Communications Tip of the Month: On a cost-per-thousand basis, TV ads are among the most cost-effective ways utilities have to communicate with customers. But ads will only be effective if utilities find a way to break through the media clutter with more visually arresting and memorable ads.

And that’s precisely why so many utility TV ads fail to break through. In the main, they’re too earnest and fact-based, unwilling to use the visual gags or the creative premises that Farmers, Geico and Allstate have used so adroitly for years. But by being reticent, utilities risk becoming irrelevant as far as their TV ad message recall goes.

One of the basic principles of marketing and advertising is to “sell the sizzle, not the steak.” That is, marketers and advertisers should emphasize the “sizzle” (how consumers will benefit) rather than the “steak” (the product itself or its discrete features), when promoting a product or service. TV ads from insurance companies have been selling the sizzle for years. But TV ads from utilities, for the most part, continue to emphasize the steak.

Here’s one notable exception: after watching a few hours of utility-company TV ads, courtesy of the E source AdVision database, a TV spot from Reliant Energy jumped out for its embrace of edge. A raucous Project X teen party takes place in a home when the parents are away. The kids think they’ve put one over on the parents. But the parents know exactly what’s going on because Reliant’s Account Alert program informs them that electric use is spiking in their home. Matthew McConnaghey’s voice over is cool and understated, slowly baiting the trap for kids and positioning Reliant’s program as something of a nanny cam, but without all the creepiness.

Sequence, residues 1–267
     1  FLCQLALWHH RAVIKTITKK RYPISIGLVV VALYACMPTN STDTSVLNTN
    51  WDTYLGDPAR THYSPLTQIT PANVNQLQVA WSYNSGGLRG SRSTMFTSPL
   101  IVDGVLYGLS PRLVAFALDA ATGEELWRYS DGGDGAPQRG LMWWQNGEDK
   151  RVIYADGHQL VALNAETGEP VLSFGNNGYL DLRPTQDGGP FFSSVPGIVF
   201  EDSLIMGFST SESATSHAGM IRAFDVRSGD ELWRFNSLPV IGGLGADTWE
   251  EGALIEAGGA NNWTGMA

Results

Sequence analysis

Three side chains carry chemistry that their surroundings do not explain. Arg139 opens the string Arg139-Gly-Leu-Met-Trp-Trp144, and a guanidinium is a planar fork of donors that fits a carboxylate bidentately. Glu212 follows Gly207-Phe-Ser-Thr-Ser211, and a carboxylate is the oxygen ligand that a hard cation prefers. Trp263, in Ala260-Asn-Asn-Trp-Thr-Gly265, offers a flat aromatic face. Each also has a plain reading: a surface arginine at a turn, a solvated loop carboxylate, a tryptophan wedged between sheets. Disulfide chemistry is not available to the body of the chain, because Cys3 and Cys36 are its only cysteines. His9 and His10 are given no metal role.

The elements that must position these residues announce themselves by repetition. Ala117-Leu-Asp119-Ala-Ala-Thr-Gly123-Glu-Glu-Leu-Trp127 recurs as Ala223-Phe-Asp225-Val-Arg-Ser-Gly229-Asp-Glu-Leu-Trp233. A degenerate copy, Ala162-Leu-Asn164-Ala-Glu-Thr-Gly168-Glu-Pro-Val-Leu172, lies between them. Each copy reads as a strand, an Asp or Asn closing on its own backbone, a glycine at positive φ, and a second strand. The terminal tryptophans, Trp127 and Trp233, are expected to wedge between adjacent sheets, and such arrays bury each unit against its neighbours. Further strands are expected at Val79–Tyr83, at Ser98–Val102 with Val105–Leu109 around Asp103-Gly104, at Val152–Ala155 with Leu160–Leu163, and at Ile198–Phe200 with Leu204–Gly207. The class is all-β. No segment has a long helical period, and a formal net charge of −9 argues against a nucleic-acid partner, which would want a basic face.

Unfortunately, that ad can’t be viewed on YouTube anymore because Reliant no longer has the talent rights to the ad. If they run it publicly again, they’ll have to pay additional fees to the talent in the ads. Yeah, like Matthew McConnaghey really needs another paycheck. However, members of E source can still view the ad, called “Party,” on the E source AdVision database.

7Reliant has a number of other TV ads running, but they lack the laugh-out-loud qualities of the “Party” ad. Instead, they tend to bring a smile rather than a guffaw. But they are to be commended for their ability to draw people in. They don’t look like your typical utility TV ad. A lonesome dog sits on a couch, presumably wondering about her master and whether dinner will be delayed. A family meeting takes place – are they planning a vacation trip or wondering why their cell phone bill includes a three-hour call to Belgrade? You’ll just have to listen to the ad to finds out.

8Reliant’s “Party” ad (you’ll just have to trust me), that utility’s more recent ads and years of advertising from Farmers, Geico and Allstate, show it’s possible to take a light-hearted look at serious issues like electricity and insurance in a 30-second TV ad. More utilities should try pushing the creative envelope in their TV advertising. As Oscar Wilde once observed, “the only thing worse than being talked about is being ignored.”